Virgin Atlantic founder Richard Branson has confirmed the airline is seeking a merger partner, ending months of speculation.
Earlier this year Branson appointed Deutsche Bank AG to assess options for the 51 per cent stake his Virgin Group holds in the airline.
Singapore Airlines holds the remaining share of the airline.
While it is now likely Branson will sell down his share, he will remained involved.
“I will certainly still be extremely involved in the airline, whatever we decide to do, and I will still be a major shareholder,” Branson said in an interview with Bloomberg.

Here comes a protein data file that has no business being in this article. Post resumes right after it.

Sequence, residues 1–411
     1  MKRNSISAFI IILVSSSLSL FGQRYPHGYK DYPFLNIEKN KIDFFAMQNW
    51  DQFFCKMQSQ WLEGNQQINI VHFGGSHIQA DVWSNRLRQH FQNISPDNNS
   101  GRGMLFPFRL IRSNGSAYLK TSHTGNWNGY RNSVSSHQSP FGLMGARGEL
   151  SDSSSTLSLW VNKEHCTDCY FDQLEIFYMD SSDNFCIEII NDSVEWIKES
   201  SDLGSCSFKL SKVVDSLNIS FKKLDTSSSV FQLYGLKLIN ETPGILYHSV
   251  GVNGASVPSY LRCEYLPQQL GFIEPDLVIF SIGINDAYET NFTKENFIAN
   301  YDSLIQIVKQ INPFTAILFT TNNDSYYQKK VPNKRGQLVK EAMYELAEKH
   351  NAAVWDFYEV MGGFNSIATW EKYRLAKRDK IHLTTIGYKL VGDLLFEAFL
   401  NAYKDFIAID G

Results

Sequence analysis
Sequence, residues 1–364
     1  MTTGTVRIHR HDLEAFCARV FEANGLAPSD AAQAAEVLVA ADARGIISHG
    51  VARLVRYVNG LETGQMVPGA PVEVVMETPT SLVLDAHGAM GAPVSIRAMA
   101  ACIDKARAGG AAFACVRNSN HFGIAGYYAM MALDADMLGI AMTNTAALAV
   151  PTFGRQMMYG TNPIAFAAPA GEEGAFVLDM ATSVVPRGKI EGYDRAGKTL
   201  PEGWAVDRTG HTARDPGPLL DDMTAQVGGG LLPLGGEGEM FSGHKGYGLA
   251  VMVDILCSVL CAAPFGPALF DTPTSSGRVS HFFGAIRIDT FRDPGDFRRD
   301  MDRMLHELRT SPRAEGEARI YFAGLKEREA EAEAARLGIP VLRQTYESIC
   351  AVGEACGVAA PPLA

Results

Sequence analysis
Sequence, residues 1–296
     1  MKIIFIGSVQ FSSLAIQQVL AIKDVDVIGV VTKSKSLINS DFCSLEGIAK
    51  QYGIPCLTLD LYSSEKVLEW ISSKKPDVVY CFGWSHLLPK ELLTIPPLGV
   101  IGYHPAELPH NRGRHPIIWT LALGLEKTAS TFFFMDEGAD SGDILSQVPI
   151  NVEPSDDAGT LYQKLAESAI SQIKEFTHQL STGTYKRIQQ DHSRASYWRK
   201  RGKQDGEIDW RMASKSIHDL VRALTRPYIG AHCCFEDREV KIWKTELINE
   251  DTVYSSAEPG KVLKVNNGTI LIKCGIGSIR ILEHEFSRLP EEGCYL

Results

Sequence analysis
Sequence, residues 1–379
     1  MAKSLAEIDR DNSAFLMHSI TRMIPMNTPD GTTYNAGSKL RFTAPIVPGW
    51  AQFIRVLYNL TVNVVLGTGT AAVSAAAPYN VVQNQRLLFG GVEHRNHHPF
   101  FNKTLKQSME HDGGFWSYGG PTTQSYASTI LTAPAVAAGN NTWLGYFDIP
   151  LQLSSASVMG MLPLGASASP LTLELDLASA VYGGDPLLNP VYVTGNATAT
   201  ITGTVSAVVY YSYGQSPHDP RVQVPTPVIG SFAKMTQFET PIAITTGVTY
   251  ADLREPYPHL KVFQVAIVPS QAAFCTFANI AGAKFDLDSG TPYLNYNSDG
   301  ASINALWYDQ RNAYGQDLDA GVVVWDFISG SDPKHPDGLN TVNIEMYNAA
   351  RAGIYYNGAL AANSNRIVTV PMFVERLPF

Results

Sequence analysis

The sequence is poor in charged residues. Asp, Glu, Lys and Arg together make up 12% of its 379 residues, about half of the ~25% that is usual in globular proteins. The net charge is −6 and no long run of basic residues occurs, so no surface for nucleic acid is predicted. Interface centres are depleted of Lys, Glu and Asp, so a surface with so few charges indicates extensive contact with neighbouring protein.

“We are in discussions with various people and will see what comes out of it,” he added.
Virgin Atlantic has seen a growing need to merge with a rival or join an airline alliance to survive in the increasingly competitive world of aviation.
The growth of cross-border super carriers has played a major role. For example, the partnership of American Airlines and British Airways on profitable transatlantic routes has hit Virgin.
At present Virgin Atlantic has 288 takeoff and landing slots at Heathrow.
This represents three per cent of the total and would allow any potential buyer to add flights to US and Asian business markets.